May 28, 2010

Happy Birthday, Jell-O

On this day in 1897, Jell-O was introduced to the world. It is powdered gelatin with flavoring added. The first flavors offered were strawberry, raspberry, orange, and lemon.

A man named Pearle Wait had bought the patent for plain, unflavored powdered gelatin, which had already been sold for about 50 years. He manufactured cough syrup, which was commonly flavored to help people take the stuff, and Wait's idea of flavoring the gelatin seemed to be a good one. His wife Mary suggested the name Jell-O. But the Waits weren't successful at marketing their good idea, so they ended up selling their patent in 1899.

Jell-O soon began to succeed, due to advertising in Ladies' Home Journal and to a give-away of free Jell-O cookbooks. Celebrity testimonials and a popular jingle (a short but memorable song used as a sales slogan or ad) boosted the brand even more.

New flavors of Jell-O gelatin were introduced, including cherry, peach, and lime. Some flavors that were sold but are no longer sold include chocolate, celery, Italian, mixed vegetable, and seasoned tomato. (Gee, I can't imagine why those flavors have been discontinued!) The savory flavors were used in the 1940s and 50s in “congealed salads” and “aspics.” (Um....Yum?)

Pictured left is a chicken-and-egg aspic.

In the U.S., the brand name Jell-O is sometimes used as a generic name for all gelatin (as Kleenex is commonly used for all brands of facial tissue). Even the store display pictured here, right, uses the label Jell-O instead of gelatin.

Three hundred million boxes of Jell-O gelatin are sold in the U.S. each year, and the Jell-O brand now includes around 160 products (although that number includes pudding
mixes, frozen treats, and candy). Some of the newest flavors to be introduced include watermelon, blueberry, cranberry, margarita, and pina colada.

The Chemistry of J-E-L-L-O

  • Dry gelatin is made of colloidal proteins which form chains. Hot water is needed to denature (that is, change the structure of) the proteins so that they can reform as a semisolid colloidal suspension.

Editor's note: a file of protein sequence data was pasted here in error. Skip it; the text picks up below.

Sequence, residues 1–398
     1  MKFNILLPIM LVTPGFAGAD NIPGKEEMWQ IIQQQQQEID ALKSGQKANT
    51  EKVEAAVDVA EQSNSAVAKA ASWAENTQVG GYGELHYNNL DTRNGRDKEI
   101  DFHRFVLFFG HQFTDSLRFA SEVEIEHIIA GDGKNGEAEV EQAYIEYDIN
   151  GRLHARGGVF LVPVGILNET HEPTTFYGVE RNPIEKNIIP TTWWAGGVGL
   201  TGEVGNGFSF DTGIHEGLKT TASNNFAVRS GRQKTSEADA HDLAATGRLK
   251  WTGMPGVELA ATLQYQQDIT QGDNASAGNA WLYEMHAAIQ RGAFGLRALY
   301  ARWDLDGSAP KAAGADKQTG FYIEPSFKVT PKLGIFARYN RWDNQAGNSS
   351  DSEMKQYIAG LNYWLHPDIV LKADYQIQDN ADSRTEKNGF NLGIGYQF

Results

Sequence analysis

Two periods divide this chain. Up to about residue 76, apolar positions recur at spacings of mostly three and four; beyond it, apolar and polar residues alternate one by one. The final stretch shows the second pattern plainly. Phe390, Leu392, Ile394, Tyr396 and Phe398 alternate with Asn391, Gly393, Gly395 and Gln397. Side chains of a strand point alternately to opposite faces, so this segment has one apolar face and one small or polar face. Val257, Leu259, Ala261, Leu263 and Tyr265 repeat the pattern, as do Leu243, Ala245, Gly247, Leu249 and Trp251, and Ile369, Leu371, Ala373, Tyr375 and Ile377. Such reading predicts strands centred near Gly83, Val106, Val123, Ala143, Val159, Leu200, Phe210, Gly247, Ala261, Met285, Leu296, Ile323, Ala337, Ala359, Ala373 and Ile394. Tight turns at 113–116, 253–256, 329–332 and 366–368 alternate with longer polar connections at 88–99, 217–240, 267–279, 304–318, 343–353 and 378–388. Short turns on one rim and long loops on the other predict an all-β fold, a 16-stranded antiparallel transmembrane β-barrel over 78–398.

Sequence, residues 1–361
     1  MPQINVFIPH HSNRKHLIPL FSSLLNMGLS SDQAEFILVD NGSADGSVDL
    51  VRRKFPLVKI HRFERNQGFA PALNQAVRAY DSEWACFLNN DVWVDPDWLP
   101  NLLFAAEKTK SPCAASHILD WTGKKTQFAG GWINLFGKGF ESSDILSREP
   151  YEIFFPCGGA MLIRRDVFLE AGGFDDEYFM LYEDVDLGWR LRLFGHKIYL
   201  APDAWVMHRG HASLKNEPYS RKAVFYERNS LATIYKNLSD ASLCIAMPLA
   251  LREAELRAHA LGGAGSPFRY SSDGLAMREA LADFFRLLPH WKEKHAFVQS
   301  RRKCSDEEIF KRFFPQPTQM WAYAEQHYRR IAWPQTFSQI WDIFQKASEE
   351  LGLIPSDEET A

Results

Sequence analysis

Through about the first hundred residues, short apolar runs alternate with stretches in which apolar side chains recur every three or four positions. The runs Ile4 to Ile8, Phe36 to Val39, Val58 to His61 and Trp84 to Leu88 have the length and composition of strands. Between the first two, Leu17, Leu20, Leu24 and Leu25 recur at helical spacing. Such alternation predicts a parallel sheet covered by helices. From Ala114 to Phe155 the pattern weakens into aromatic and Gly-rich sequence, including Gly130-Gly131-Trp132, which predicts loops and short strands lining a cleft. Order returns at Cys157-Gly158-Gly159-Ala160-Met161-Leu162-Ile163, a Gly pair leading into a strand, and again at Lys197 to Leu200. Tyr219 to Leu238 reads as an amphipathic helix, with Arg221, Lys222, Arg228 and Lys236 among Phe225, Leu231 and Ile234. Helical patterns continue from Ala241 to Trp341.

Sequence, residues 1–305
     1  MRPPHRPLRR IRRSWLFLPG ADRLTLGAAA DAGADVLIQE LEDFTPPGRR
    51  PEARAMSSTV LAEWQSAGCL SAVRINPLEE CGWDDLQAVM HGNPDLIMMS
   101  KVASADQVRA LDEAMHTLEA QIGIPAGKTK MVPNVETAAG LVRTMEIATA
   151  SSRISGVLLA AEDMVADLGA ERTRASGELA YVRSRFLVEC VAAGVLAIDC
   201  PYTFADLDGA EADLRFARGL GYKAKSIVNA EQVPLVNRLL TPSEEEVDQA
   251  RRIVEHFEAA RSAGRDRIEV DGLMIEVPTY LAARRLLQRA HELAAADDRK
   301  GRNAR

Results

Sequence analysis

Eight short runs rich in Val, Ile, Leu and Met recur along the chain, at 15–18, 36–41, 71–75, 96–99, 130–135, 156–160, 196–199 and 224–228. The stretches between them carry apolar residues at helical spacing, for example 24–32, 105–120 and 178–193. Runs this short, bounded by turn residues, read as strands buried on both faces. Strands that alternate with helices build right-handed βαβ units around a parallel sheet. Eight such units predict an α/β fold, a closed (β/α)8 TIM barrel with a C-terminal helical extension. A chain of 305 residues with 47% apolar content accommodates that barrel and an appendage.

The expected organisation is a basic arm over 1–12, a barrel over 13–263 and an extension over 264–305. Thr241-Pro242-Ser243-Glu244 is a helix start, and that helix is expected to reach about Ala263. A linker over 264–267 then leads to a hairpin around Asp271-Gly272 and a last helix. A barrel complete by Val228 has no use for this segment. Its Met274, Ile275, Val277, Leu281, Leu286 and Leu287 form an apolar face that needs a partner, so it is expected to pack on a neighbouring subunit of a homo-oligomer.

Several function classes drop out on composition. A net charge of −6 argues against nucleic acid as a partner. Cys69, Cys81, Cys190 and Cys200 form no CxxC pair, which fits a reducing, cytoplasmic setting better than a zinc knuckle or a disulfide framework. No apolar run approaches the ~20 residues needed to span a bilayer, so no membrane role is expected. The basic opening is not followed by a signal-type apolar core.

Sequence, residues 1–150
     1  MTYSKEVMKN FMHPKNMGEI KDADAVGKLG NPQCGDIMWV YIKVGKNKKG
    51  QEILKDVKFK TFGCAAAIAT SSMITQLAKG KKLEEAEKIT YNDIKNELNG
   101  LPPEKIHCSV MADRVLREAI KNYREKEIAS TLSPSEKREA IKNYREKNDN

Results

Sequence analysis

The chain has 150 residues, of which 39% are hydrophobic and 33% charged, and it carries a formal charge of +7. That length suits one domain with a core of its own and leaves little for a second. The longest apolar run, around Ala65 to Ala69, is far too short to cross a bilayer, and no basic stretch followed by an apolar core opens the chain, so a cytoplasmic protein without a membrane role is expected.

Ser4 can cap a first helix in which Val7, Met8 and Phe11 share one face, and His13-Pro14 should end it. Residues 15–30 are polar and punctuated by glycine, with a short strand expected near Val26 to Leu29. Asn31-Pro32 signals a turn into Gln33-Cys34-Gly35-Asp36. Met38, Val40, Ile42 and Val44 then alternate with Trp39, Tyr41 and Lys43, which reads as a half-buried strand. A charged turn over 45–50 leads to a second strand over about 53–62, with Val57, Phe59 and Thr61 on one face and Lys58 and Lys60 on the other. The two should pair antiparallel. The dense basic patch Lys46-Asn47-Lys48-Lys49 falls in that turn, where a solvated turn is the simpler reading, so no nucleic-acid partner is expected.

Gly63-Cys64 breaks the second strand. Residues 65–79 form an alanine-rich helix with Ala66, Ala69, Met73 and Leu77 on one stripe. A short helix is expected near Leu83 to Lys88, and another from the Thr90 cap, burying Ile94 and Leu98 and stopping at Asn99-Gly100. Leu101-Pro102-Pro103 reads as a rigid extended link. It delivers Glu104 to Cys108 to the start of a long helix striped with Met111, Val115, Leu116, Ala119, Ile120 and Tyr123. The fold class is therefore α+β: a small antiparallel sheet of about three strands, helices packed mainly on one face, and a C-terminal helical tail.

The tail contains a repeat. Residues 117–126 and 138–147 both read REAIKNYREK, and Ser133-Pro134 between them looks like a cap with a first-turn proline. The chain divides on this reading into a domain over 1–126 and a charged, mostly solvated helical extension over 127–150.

That sounds super complicated, but let's break it down:

→ a semi-solid is anything that is midway between liquid and solid. The two examples given by several different dictionaries are a stiff cookie dough and a firm gelatin.

→ a colloid is something in which one substance is evenly mixed into another. For example, milk is a colloid in which tiny globs of liquid butterfat are mixed into a water-based liquid. There are a lot of other natural colloids, such as fog (drops of water dispersed evenly in air), smoke (solid particles dispersed evenly in air), blood (solid blood cells in liquid plasma), pumice (air pocketed throughout solid rock). People have invented a lot of colloids, besides for Jell-O; here are some examples: hair sprays, mayonnaise, shaving cream, ink, jelly, and styrofoam.
  • Many people include ingredients such as chopped fruit, nuts, and whipped cream into their Jell-O salads and desserts. But some foods cannot be used with Jell-O, because they contain enzymes that prevent the gelatin from getting firm, or setting. Examples include fresh pineapple, papaya, kiwi, and ginger root.
→ Enzymes are proteins that increase the rate of certain reactions.

Enjoy Jell-O!

Use blue Jell-O and gummy fish to make an edible aquarium.

Make “Finger Jell-O” or "Jigglers."

Try making Jell-O with 7-up or sparkling cider instead of water. Apparently you can feel little bubbles popping in your mouth as you eat it!

I haven't tried this recipe, but doesn't “Broken Glass Jell-O” sound yummy?

There are about a million recipes on the Jell-O website. Here is one for "Eyeball Potion."

Rainbow Jell-O created and
photographed by Mark Fickett.
Note that whipped cream or cream cheese has been
added to Jell-O layers between the translucent layers.
That's so that the colors don't mix together in our eyes
and get "muddy."

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